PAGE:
We explain what blood is, how it is composed and the blood groups there are. Also, what are its features and functions.
Blood is a type of connective tissue in the body of vertebrate animals that circulates in their arteries, veins and capillaries, transporting the various nutrients produced by metabolism as well as oxygen , essential for cellular respiration.
It has a characteristic red color and it is a more or less dense liquid , in which there is a vast and complex set of cells and vital substances in a constant cycle called the cardiovascular system or the blood system.
Blood is vital for the functioning of the body and it is estimated that a human body contains between 5 and 6 liters of blood, which represents 7% of its total weight.
It is possible to extract it from its natural channels , a practice that is used as a method of analyzing the functioning of the different hormonal and metabolic systems of the body. However, a very drastic reduction in its quantity, its density or its content can cause death or serious damage to various organs and tissues.
The word blood comes from the Latin sanguis and there are various theories regarding its etymological origin. One of them, documented by Saint Isidore of Seville (560-636 AD), assures that the word originated from the adjective for "soft", since that was the texture of said substance when the first autopsies of the history.
It is a red colored liquid (dark in color when it is venous blood and light in color when it is arterial blood) and is of a non-Newtonian type, that is, whose viscosity varies with temperature and the shear stress applied to it.
It is a mostly aqueous solution with a colloidal matrix, whose pH range oscillates between (7.36 and 7.44) and its temperature is around 37 degrees, in ordinary health conditions.
Blood is composed primarily of water (91%), proteins (8%), and some other materials dissolved in it. Its characteristic color is due to the presence of hemoglobin, a pigment that is abundant in the red blood cells (erythrocytes) that compose it.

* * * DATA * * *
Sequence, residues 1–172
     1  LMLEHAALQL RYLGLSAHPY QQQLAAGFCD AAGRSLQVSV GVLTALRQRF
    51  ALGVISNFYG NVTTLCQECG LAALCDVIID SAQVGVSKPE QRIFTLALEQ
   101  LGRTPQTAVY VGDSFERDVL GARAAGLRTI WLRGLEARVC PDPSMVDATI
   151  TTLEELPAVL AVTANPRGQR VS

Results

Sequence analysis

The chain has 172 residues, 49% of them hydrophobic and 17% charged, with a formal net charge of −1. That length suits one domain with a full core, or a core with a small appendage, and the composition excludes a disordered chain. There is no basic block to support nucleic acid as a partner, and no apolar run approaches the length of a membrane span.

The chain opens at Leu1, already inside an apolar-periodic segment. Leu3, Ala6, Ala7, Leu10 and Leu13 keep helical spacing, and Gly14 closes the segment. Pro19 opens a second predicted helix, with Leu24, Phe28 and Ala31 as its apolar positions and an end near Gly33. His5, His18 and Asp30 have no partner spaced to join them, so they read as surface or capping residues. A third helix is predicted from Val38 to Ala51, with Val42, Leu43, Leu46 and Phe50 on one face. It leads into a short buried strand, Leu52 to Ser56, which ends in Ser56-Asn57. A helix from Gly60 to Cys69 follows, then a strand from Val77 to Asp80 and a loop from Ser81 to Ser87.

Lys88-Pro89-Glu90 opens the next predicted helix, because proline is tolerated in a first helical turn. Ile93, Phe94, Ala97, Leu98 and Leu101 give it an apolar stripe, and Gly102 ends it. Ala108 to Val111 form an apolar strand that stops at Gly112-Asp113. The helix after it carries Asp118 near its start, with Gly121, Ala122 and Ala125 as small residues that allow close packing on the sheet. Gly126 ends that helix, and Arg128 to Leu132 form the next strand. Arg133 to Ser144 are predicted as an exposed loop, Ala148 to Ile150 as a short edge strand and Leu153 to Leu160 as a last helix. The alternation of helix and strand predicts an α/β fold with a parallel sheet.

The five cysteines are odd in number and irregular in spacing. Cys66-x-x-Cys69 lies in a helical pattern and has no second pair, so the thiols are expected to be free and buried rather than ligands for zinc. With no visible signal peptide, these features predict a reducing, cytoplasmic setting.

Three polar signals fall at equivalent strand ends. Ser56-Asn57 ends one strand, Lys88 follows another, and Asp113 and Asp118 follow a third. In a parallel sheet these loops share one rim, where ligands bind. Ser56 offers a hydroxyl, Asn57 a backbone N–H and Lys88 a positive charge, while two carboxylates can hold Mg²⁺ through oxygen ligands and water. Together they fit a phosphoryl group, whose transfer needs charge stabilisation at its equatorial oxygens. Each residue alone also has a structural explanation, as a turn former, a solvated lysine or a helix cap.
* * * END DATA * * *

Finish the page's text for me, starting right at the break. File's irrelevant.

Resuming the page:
It is also made up of another large group of cells such as white blood cells (leukocytes) or platelets , in addition to proteins such as enzymes , hormones, nutrients and other vital substances, such as glucose. The blood also carries waste substances, which are then filtered and discarded from the body.
Blood is made up of two different phases, known as blood parts, which are:
Not all blood is identical and traditionally four blood types are distinguished whose determination is congenital, that is, it does not change throughout life nor is it optional.
Blood transfusion, for example, must be done according to the recipient's blood group, otherwise his body will receive the different blood as if it were a foreign substance and will defend itself against it.
This is due to the presence of certain defensive proteins called antigens and antibodies, which are in both red blood cells and plasma.
These groups are:
The process of blood formation is called hematopoiesis and takes place in organs and tissues of the body specialized in this function, such as the bone marrow inside the bones, together with the liver, endocrine glands and kidneys, in charge to produce its cellular, enzymatic and aqueous component.
Red blood cells live for about 120 days , after which they are filtered by the liver for their degeneration and recycling of iron , as well as the expulsion of residual bilirubin when hemoglobin is broken down. They are immediately replaced by fresh globules that perpetuate the cycle.
The functions of the blood are diverse, namely:
Blood circulation is what keeps the body running and the various tissues alive and nourished. The bloodstream reaches the most unknown regions of the body through a wide system of conduits: arteries (for oxygenated blood), veins (for deoxygenated blood) and smaller blood capillaries.
The motor of this cycle is the heart , which continuously pumps and sucks blood, keeping it in a continuous flow from the organs and tissues to the respiratory system and back to the confines of the body.
Blood can suffer from numerous diseases or ailments, grouped based on four principles of action on it:
Blood has played an important role in the human imagination from an early age. It has been associated with life and therefore with a certain sacred character that gave it central roles in rites, sacrifices and mythical narratives .
In Greco-Roman antiquity it was considered one of the four humors that make up the human body (in the theory of the humors of Hippocrates) together with yellow bile, black bile and phlegm and, therefore, a determining factor in health and in the character of individuals.
Numerous mythological stories grant it curative or poisonous properties, depending on the creature from which it is extracted, and the beings that subsist from ingesting the blood of others were always considered cursed or evil beings, as is the case with vampirism.
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